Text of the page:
Xenophobia: Mbeki gives nod to army

As violent xenophobic clashes that have claimed at least 42 lives spread from Gauteng to Mpumalanga and KwaZulu-Natal, President Thabo Mbeki on Wednesday gave the go-ahead for the “involvement” of the military.

“[Mbeki] has approved a request from the South African Police Service [SAPS] for the involvement of the South African National Defence Force [SANDF] in stopping ongoing attacks on foreign nationals in Gauteng province,” his office said in a statement.

SANDF and SAPS operations members were in a planning session on Wednesday night on when to deploy, said Director Sally de Beer, spokesperson in the office of the police national commissioner.


Defence Ministry spokesperson Sam Mkhwanazi said there would be a military presence in the strife-hit areas “as soon as all that needs to be done is complete”.


Asked whether troops would be on the ground by Wednesday night, Mkhwanazi said: “No.”


“There isn’t a specific time, but it will be as soon as possible,” added De Beer.

Mkhwanazi said the Defence Ministry received the request from the SAPS on Tuesday and “complied with due process” in conveying it to the “commander in chief”, Mbeki.


“The president just approved it,” he said.

Forty-two people have been killed and more than 16 000 displaced in Gauteng, police said on Wednesday. Provincial spokesperson Director Govindsamy Mariemuthoo said 400 arrests had been made—among them, four community leaders arrested in Germiston for inciting the community to violence.

However, when asked by the Mail & Guardian Online for a breakdown of the number of deaths, Mariemuthoo refused and replied: “Don’t ask me such a stupid question.”

Xenophobic violence against foreigners—which started in Alexandra, north of Johannesburg, last week—has also spread to townships in Mpumalanga, police said.

“It started yesterday [Tuesday] ... there were so many people involved. People were burning shacks of foreigners and looting their businesses,” said Constable Sibusiso Mbuli from the scene, adding that the attacks took place in the Leslie and Embalenhle townships, both near Secunda.

“They looted six tuck shops and burnt three. Some belonged to Zimbabweans and some to Somalis. Even now the situation has not stabilised. We see people moving about and when they see police bakkies, they run away.”

The violence in that province resulted in about 200 foreigners seeking refuge at the Leslie police station, with “many more” expected, said Mbuli.

Tavern attack

In KwaZulu-Natal, the provincial government said an attack on a tavern owned by Nigerians in Durban’s Umbilo was political, not xenophobic. At least 150 people turned on the tavern owners on Tuesday night, and a local hostel has decided not to admit foreigners.

KwaZulu-Natal’s safety and security minister, Bheki Cele, accused the Inkatha Freedom Party (IFP) of being behind the attacks, allegedly involving residents from a Dalton Road men’s hostel. The road is the site of a number of hostels.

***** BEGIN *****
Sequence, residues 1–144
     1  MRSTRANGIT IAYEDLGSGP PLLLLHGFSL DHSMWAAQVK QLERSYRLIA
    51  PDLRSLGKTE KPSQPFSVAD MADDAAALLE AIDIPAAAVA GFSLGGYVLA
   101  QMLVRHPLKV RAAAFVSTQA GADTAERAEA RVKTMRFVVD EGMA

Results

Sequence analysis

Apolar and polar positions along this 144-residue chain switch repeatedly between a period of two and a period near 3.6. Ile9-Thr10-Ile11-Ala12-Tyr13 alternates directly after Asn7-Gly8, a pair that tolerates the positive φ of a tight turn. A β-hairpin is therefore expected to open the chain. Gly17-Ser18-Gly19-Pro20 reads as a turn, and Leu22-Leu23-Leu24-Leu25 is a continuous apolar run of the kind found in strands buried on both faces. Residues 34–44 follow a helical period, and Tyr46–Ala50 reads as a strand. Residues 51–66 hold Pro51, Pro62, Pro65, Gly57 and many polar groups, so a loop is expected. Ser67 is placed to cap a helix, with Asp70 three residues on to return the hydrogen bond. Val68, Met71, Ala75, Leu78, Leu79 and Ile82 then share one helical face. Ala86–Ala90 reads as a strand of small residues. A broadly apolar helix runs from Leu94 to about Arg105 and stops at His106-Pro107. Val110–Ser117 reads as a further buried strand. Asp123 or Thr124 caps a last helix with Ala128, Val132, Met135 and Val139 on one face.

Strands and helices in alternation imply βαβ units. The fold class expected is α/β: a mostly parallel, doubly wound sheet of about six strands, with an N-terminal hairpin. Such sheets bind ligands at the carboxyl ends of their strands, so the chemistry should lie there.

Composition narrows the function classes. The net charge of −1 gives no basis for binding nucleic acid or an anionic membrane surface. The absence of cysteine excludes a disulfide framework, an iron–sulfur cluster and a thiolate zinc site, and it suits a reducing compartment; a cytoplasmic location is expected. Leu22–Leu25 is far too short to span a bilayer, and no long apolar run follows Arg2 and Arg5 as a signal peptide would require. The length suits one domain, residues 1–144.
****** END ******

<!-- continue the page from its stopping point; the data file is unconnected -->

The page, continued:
“There was a meeting of the IFP branch in Dalton yesterday [Tuesday] and ... I know it was them who went straight from there to the tavern and raided the place and smashed the cars,” Cele said.

At least 100 hostel dwellers converged on Durban’s Umbilo suburb on Wednesday, ordering foreigners to leave KwaZulu-Natal. Captain John Lazarus said many residents of the Dalton Road men’s hostel were armed with stones and bottles.

However, the IFP has denied responsibility, with its KwaZulu-Natal chairperson, Mntomuhle Khawula, saying he was disturbed by Cele’s statement. He said that if any IFP members were involved in the xenophobic attacks, they would face disciplinary action.

“The IFP is all about ubuntu ... In the African lifestyle, you never chase away people, you comfort and give protection, so xenophobia is against our policy,” he said.

IFP head Mangosuthu Buthelezi said his earlier predictions that xenophobia was brewing had been ignored. As a former home affairs minister, he had suggested a more open controlled immigration policy, but this was ignored and abandoned when he left the ministry.

In Gauteng on Wednesday, though reports were received of unrest in Mpumalanga and KwaZulu-Natal, xenophobic attacks appeared to have subsided somewhat, a provincial spokesperson said.

“There are no new reports of attacks,” said Thabo Masebe, deputy director of communications for the provincial government. “Our sense is that the situation is under control, but we will continue to monitor the areas and take action when necessary.”

Gauteng centres and police stations housing people fleeing from the violence urgently need food, baby food, nappies and blankets for the thousands seeking shelter. The crowded conditions have led the police to contract the “Red Ants”, usually associated with forced removals, to help control people at the Cleveland police station, especially at meal times.